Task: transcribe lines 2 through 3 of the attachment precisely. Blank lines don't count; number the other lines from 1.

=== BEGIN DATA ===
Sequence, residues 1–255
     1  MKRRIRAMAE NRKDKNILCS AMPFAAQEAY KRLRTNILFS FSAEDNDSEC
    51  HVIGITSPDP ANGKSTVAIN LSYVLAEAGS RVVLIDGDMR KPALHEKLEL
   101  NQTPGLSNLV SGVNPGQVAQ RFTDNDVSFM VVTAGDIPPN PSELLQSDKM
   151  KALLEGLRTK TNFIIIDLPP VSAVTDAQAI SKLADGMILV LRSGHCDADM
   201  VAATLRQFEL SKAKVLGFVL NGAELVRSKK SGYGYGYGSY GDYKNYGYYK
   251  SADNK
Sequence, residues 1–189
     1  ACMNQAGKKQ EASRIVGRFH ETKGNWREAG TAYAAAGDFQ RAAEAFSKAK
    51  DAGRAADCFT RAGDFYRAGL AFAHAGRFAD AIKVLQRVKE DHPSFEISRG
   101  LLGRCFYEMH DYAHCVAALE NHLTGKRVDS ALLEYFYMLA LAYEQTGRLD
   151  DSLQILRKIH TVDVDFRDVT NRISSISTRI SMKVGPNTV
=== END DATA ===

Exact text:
     1  MKRRIRAMAE NRKDKNILCS AMPFAAQEAY KRLRTNILFS FSAEDNDSEC
    51  HVIGITSPDP ANGKSTVAIN LSYVLAEAGS RVVLIDGDMR KPALHEKLEL